number one. united states is richer on a per capita basis by a magnitude of about tenfold, but china will have more economic output than the united states. it is a force that has to be reckoned with. they got this way because they have had very good growth for a number of years, but it is growing a little bit too strong. there are some small bubbles popping up in different parts of their economy, and they are trying to slow down the economy. slowing down an economy -- every government can do that. the hard part is controlling that downward trajectory. in most cases, countries that tried to slow down their economy -- they go into a crash, they go into a recession, but china is different. the best way i have to describe china's economy, to steal a line from yogi berra is one-half market economy and three- quarters centralize control economy. they are big enough. they are powerful enough that they can probably pull this off. we will have to see how it happens, but that is an important thing for the world economy. europe, on the other hand, is another story. if you believe in
by the united states, something more than a diplomatic letter of protest. after some discussion we agreed to send two carrier battle groups to taiwan. within an hour the president had approved our recommendation and before the day was over, though carrier battle groups were underway steaming to taiwan. at a press conference the next day, i was asked would i not fear this would lead to military clash with china. i said, i was not concerned of that. and when asked why, i said, i think, well, because we have the best damn navy in the world. this was not an extravagant or hyper bolic statement t. was simply a statement of fact. it was a fact that not only i knew. it was a fact which other nations understood. even one carrier battle group had more military fire power than any other nation's entire navy, and we had two of them on the way to taiwan. so, i was confident that no one was going to challenge the fleet that we were sending there. this -- and in fact, they did not challenge it even before our two carrier battle ships arrived in taiwan, the crisis was over and the maneuvers had been su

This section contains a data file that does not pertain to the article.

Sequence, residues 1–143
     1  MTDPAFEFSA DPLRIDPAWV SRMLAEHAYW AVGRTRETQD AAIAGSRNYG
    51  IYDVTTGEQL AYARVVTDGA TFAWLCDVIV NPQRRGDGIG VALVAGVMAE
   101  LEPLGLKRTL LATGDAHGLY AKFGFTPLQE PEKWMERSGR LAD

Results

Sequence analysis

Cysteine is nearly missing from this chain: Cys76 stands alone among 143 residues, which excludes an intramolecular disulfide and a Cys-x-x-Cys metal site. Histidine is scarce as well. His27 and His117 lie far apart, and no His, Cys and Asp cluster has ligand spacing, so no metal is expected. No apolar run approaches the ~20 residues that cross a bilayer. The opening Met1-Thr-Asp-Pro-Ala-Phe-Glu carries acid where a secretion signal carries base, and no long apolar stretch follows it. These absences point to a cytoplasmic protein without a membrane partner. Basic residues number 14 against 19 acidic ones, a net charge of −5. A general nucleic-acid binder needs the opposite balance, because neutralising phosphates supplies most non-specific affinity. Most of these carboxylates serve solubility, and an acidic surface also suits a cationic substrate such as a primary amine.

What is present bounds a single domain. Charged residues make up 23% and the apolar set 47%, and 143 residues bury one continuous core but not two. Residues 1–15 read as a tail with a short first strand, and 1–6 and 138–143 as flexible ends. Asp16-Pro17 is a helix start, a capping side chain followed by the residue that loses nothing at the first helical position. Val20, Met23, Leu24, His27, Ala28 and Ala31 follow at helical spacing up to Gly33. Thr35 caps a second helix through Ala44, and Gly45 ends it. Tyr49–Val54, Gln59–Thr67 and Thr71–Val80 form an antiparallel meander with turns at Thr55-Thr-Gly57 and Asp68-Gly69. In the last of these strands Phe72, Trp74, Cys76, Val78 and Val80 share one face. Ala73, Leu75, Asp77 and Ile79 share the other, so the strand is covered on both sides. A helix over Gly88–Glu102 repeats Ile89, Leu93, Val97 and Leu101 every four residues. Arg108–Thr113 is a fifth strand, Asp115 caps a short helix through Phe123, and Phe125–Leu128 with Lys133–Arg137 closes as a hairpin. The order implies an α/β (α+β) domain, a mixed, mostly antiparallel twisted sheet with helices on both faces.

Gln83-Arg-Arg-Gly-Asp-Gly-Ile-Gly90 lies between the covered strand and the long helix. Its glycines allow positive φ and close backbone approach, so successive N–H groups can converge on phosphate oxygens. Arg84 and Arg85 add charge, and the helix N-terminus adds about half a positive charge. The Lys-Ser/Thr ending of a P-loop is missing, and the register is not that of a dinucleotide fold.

in the united states. but then on wednesday, i saw a thing where bain capital closing down its plant in illinois. ann romney is a reserved shareholder of the bain capital. how is the -- and romney is a reserved shareholder and bain capital. host: let us limit tomorrow humor. this is from last night. instead of a being from the al smith dinner, an appearance by president obama on comedy central's the daily show with john stuart. [video clip] >> how many times a week does he show up in a wet bathing suit to a meeting? >> we had to stop it. we have to put tiles down. but i have to say, he looks pretty good. >host: that is president obama n comedy central with jon storage. he also made comments about libya. we will look at where the candidates stand on foreign policy, foreign affairs and campaign 2012. for now, we are looking at humor. and what role you think plays. does it help or the track to the image you have of him? kentucky, on our line for independents. caller: my comment is but i do not really care for it. i think it just cheapens the issues. they are very serious to people out your sufferin